On Thursday, March 22, 2018, Michigan EIBC hosted its second Electric Vehicle (EV) Convening at the Michigan Saves office in Lansing, Michigan. This meeting centered around customer awareness and education.
Michigan EIBC President Liesl Clark opened Thursday’s meeting with a discussion of the background activities that led to the EV Convenings – including technical conferences at the Michigan Public Service Commission, the Institute for Energy Innovation’s MEC4: Powering Mobility Conference and the “Powering the Mobility Revolution” report that followed, and a series of DC fast charge planning meetings hosted by the Michigan Agency for Energy.
Clark’s introduction was followed by a panel discussion of automakers’ perspectives on consumer and dealer education. Britta Gross, who oversees Advanced Vehicle Commercialization Policy at General Motors, spoke broadly about the state of the electric vehicle market in the country, and GM’s strategies to grow the market.
Gross explained that EVs are still primarily being driven by “early adopters” – people who are excited to try new technologies, and GM is focused on getting general consumers interested in EVs. GM’s targeted advertising focuses on story-telling and intentionally keeping the Bolt EV in the news with positive stories. GM tracks customer responses to its Bolt EV in the following ways: Mystery shopping, in which GM representatives “shop” EV certified dealers to ensure that they are providing customers with quality information; early- and mid-buyer studies, in which GM looks at how satisfied customers are with their EV purchase over time; and customer satisfaction metrics measuring brand loyalty and dealer experience.
Up next, Lisa Teed, U.S. Marketing Strategy Manager with Ford Motor Company, discussed Ford’s perspective and customer education model. According to Teed, the barriers customers face when confronted with the option to buy an EV are as follows:
- Price – EVs are perceived as being as costly as a luxury car, but without the benefits associated with a luxury car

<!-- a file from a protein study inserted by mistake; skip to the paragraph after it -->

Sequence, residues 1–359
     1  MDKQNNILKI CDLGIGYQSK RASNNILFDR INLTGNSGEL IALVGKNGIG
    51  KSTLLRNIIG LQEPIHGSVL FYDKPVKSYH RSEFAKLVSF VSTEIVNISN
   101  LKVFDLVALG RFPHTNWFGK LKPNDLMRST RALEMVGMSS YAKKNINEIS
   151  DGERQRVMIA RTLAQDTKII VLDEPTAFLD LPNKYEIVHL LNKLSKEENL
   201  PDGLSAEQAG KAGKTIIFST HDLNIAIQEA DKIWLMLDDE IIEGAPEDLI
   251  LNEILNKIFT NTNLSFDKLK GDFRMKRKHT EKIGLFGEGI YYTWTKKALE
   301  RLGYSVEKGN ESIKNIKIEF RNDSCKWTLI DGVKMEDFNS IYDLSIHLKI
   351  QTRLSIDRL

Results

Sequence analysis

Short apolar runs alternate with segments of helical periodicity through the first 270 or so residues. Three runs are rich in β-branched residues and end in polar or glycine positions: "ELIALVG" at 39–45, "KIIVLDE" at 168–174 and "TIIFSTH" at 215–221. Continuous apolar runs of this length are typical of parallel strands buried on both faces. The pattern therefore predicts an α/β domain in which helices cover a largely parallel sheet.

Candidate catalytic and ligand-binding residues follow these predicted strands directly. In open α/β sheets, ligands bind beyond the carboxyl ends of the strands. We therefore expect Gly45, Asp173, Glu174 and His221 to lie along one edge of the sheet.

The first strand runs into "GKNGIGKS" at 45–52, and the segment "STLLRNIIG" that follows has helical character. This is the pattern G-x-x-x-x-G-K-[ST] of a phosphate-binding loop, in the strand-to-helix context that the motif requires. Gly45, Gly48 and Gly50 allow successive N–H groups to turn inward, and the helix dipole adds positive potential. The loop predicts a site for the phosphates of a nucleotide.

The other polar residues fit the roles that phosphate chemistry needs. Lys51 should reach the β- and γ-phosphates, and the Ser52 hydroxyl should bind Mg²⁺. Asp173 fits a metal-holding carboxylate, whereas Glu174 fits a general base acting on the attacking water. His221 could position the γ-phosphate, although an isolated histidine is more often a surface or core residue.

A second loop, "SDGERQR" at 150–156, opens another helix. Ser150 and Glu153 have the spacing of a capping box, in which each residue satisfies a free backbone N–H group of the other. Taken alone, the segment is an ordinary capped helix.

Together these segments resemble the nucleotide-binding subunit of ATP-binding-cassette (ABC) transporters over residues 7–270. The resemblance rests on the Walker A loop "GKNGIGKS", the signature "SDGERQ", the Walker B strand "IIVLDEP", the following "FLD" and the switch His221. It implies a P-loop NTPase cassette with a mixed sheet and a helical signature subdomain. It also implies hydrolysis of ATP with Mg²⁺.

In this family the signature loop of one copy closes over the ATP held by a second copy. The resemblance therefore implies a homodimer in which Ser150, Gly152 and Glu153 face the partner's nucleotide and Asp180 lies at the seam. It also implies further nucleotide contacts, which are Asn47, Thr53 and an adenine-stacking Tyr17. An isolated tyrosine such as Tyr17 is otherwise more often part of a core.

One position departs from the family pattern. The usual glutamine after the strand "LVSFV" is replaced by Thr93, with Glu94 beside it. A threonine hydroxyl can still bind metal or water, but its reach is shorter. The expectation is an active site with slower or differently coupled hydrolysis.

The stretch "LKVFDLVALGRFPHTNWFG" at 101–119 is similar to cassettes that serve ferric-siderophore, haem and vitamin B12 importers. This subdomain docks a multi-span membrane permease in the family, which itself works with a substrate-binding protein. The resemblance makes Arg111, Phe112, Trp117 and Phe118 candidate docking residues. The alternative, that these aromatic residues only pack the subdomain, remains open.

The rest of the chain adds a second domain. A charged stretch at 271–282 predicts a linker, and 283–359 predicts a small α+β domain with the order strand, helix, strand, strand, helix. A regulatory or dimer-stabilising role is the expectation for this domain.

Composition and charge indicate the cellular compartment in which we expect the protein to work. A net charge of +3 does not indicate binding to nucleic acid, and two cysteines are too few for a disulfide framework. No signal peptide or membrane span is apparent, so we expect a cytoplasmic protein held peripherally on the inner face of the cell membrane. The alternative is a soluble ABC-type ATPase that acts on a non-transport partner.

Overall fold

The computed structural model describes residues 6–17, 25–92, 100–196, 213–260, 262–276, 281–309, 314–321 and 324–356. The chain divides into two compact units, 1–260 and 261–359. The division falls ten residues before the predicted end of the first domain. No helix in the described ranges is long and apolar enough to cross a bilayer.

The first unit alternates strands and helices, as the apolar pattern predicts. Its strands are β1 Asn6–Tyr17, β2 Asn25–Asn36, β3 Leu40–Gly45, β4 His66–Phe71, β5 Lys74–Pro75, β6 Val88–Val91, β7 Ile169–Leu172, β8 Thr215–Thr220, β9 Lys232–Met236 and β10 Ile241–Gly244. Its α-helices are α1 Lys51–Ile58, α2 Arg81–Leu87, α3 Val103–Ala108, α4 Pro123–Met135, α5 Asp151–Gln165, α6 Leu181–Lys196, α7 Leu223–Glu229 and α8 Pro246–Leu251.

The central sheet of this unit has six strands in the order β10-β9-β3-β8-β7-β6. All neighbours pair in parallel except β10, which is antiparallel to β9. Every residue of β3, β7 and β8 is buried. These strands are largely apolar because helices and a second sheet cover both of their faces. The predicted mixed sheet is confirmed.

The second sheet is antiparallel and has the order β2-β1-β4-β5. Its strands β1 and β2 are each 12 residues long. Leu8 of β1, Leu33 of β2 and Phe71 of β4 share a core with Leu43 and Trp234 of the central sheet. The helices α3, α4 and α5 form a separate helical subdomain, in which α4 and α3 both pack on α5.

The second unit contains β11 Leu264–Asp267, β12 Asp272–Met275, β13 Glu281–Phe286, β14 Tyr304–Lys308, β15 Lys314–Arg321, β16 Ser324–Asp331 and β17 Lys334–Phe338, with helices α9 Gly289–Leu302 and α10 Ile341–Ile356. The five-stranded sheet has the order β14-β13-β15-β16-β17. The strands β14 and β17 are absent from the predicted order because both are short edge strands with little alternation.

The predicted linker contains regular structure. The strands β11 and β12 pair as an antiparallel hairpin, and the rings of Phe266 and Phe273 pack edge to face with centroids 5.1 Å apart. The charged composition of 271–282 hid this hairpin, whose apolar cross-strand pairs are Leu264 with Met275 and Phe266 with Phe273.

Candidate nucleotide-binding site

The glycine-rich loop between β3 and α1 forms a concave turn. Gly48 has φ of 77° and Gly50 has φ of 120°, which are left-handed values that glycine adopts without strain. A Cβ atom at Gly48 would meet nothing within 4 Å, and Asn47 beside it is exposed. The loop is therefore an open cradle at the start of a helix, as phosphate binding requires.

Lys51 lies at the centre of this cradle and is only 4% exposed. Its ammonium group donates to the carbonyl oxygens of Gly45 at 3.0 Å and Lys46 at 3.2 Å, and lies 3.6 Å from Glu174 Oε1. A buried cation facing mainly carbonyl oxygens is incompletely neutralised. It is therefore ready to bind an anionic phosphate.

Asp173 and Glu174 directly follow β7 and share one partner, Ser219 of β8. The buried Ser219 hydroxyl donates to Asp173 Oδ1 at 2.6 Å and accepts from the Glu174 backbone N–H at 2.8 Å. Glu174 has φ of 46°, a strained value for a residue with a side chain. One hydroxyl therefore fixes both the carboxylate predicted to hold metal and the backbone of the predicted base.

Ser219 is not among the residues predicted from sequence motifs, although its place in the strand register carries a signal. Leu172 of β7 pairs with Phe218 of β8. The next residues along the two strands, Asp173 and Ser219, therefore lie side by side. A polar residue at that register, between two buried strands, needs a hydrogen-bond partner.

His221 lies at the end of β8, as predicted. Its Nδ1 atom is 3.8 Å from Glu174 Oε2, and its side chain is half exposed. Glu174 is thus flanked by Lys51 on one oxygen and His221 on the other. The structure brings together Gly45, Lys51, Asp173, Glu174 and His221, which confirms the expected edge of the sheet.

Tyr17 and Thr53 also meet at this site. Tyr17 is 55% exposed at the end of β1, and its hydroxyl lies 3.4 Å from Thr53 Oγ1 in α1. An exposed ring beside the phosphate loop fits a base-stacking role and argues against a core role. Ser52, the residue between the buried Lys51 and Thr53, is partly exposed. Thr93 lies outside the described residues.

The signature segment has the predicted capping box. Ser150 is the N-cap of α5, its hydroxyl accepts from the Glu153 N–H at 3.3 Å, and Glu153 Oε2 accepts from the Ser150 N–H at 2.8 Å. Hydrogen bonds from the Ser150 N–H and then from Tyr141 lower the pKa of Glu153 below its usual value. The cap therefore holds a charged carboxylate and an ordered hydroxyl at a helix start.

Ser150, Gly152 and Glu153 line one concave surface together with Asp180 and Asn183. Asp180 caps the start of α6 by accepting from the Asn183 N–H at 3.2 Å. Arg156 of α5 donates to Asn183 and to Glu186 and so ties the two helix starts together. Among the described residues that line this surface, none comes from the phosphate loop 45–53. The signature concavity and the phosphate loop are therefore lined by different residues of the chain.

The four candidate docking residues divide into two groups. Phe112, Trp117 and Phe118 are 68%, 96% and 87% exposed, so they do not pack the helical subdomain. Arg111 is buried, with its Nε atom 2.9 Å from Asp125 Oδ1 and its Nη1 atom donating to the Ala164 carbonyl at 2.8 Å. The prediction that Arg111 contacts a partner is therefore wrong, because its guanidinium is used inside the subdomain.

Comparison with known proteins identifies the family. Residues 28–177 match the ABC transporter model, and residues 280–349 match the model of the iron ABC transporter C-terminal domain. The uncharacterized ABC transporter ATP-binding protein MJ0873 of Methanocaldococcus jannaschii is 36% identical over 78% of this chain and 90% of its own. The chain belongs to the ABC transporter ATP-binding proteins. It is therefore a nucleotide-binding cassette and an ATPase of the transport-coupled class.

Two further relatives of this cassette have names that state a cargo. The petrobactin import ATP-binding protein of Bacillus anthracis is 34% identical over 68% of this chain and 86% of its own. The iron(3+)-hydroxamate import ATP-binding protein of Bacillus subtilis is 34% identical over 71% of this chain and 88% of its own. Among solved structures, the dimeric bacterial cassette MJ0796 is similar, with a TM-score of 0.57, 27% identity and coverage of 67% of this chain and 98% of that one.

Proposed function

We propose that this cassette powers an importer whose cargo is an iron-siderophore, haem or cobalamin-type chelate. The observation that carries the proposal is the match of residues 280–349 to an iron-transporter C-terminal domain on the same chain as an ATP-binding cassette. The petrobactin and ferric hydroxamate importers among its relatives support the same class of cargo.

- Range Anxiety – customers want the equivalent range they get with a tank of gas
- Features – customers want all-wheel drive, cargo capabilities, faster acceleration, etc.
- Resale Value – customers worry they will lose a significant amount of their investment in an EV over time
- Dealer Motivation – dealers are less motivated to sell EVs because they make smaller margins on EVs
What followed was a conversation on customer psychology and behavioral economics, in which Dr. Brandy Brown, a Senior Evaluation Consultant at CLEAResult, and Dr. Anne Niederberger, Vice President of Marketing and Development at Enervee, provided a third-party perspective on the importance of consumer education by utilities.
Niederberger explained Enervee’s role in this conversation. Enervee is a data and behavioral science company that works to make it simple and compelling for people to buy clean and efficient energy products. Enervee has historically worked in the area of energy efficient appliances and home upgrades, such as advanced lighting and HVAC, but is launching a car program in May. An Enervee survey found that most customers want clean vehicles and low fuel costs, but they don’t realize that an EV would give them those results. In fact, Niederberger referenced another study conducted by a separate group which allowed respondents to virtually “build” their dream car, which often ended up being an EV. As Niederberger explained, we need to make people realize that an EV can be the car that has the features they desire. Niederberger described a website Enervee built that provides customers with information on different vehicles and allows them to compare their non-EV “dream car” to the closest EV match so they can see the benefits of buying an EV instead.
Brown discussed CLEAResult’s work with utilities and their customers on EVs. Brown explained that CLEAResult’s approach is to make EVs desirable. CLEAResult’s approach is to meet the customer where they are – often on online forums or social media pages – rather than expecting customers to come to them for information, to close the information gaps by providing them with accurate and helpful information, and to advise them during the product evaluation period.